The New York Times attempts to shift blame for America's Covid-19 disaster onto governors
On Sunday, The New York Times reported that "it is clear many governors underestimated the coronavirus and rushed to reopen before their states were ready." That story ran under the headline, "After Asking Americans to Sacrifice in Shutdown, Leaders Failed to Control Virus." (If "leaders" strikes you as a bit too generic considering the circumstances, you aren't alone.)
"There was 'real hubris' on the part of public health officials at the very start," according to the piece. It acknowledges that expectations that the lockdowns would end quickly and bring a swift return to normality were "reinforced by President Trump, who has downplayed the severity of the crisis, refused to wear a mask and began calling for states to open even as the virus was surging."
A lack of federal leadership also meant that states lacked a unified approach. With no clear message from the top, states went their own ways. A number of them failed to use the shutdown to fully prepare to reopen in a careful manner. As Americans bought precious time trying to keep the virus at bay, experts advised that states urgently needed to establish a robust system for tracking and containing any new cases — through testing, monitoring and contact tracing. Without this, the pandemic would simply come roaring back.
Clearly, a number of governors have managed the pandemic just as poorly as Donald Trump. Outbreaks in Florida and Texas are on the verge of spiraling out of control. We can debate how much blame should be apportioned to governors given that we haven't had a coherent national strategy to contain the outbreak at any point.
We might also forgive The New York Times for not mentioning that Trump demanded governors that say nice things about him in order to get disaster assistance, or that states had to compete for vitally needed personal protection equipment, only to see it seized by the federal government on a number of occasions.
We might even overlook the fact that Trump tried to shift blame for the economic fallout from the pandemic onto governors by demanding that states re-open even before his own lockdown "recommendation" had expired.
What is truly unforgivable, and really amounts to media malpractice by the "paper of record" is that this piece does not mention that Trump and his party have steadfastly refused to include aid to state and local governments in the $3.6 trillion in Covid-19 relief funds doled out by the federal government to date.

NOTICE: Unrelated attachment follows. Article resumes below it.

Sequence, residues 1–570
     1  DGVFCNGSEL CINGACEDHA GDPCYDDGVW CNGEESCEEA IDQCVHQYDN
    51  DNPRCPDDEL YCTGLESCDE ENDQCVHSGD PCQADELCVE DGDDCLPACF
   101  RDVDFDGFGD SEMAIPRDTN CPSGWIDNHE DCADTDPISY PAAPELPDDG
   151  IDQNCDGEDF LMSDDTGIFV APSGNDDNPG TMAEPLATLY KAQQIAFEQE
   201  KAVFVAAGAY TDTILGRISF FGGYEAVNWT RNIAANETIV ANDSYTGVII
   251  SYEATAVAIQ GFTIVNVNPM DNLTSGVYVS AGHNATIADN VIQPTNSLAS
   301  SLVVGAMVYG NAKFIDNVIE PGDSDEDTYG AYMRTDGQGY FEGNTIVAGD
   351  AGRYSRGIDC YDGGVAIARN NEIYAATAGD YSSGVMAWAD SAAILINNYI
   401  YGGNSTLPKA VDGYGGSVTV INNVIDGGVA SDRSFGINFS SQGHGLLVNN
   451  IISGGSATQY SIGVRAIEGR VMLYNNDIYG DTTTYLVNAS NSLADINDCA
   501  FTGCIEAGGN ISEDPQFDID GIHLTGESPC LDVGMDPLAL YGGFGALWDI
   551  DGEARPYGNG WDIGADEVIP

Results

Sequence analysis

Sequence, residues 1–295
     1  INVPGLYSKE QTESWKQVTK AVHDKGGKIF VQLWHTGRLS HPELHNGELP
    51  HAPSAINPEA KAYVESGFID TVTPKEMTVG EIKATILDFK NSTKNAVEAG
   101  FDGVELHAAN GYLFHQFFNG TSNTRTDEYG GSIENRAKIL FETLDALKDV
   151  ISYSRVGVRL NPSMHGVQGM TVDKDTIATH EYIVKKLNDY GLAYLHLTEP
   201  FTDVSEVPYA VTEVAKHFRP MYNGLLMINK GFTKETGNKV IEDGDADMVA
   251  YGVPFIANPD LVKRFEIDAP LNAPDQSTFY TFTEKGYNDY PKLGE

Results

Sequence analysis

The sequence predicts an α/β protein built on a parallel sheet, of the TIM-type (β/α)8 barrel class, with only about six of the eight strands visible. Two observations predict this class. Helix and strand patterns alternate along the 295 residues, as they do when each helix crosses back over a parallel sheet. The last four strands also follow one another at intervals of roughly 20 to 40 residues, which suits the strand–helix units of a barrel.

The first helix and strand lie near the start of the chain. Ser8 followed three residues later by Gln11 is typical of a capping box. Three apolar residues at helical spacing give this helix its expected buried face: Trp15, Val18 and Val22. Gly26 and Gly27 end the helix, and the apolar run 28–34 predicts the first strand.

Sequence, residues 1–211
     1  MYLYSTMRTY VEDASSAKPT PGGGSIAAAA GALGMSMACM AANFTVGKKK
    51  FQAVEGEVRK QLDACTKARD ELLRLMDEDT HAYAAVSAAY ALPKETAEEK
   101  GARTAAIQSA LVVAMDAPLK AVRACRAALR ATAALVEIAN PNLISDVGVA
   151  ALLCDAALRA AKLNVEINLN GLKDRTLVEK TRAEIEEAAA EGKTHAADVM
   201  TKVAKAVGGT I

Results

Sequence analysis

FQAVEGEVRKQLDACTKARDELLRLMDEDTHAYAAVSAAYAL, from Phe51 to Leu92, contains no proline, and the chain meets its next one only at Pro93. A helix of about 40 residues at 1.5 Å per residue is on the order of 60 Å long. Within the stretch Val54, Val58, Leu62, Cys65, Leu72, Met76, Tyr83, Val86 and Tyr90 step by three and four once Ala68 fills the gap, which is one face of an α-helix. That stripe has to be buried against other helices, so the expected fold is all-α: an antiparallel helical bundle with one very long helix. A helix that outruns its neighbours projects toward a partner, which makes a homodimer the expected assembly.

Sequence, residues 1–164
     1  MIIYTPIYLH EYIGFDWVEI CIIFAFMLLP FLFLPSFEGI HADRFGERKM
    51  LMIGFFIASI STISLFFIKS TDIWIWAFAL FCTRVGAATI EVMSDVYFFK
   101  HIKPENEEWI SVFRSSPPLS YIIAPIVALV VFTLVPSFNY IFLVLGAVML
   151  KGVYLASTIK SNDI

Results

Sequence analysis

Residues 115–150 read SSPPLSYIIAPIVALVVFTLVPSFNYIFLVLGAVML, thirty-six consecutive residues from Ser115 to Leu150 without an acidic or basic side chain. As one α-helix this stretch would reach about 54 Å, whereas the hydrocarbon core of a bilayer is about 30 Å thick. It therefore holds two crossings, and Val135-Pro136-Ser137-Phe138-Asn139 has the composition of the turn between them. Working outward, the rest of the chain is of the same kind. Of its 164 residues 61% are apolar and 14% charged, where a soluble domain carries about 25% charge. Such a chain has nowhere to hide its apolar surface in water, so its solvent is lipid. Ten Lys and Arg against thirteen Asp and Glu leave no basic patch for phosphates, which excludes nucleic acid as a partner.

The lockdowns have decimated state revenues even as their healthcare and other safety-net costs spiked. States are limited in their ability to borrow, so they've faced intense pressure to try to get their economies moving again to avoid massive layoffs that economists say would turn a crippling recession into another Great Depression.
This is not a both-sides thing. Last month, the Democratically-controlled House passed a relief bill with $1 trillion for aid to state and local governments, which the White House and Senate Majority Leader Mitch McConnell firmly rejected.
As I noted in April, McConnell's "blue state bailout" rhetoric, parroted by the conservative media, was nonsense. The GOP enjoys unified control over 21 states, while the Democrats enjoy governing “trifectas” in just 15. Republicans also hold more governorships–26 to the Dems’ 24. Almost all states are facing budget shortfalls as a result of the pandemic.
So why were they so vehement about not helping state governments? The answer is simple: Trump and his party had concluded that his best hope for re-election was to act as if the pandemic was over and re-open the economy, and denying aid to state governments was both a means of coercing states to do so over the objections of public health experts and a way of spreading around the blame if it caused a (predictable) spike in infections.
Now that we are in fact seeing major new outbreaks in more than half of the states, The New York Times, with its short memory and "view from nowhere" reporting, appears intent on assisting them in that project, even if doing so leaves their readers less informed. That's unforgivable.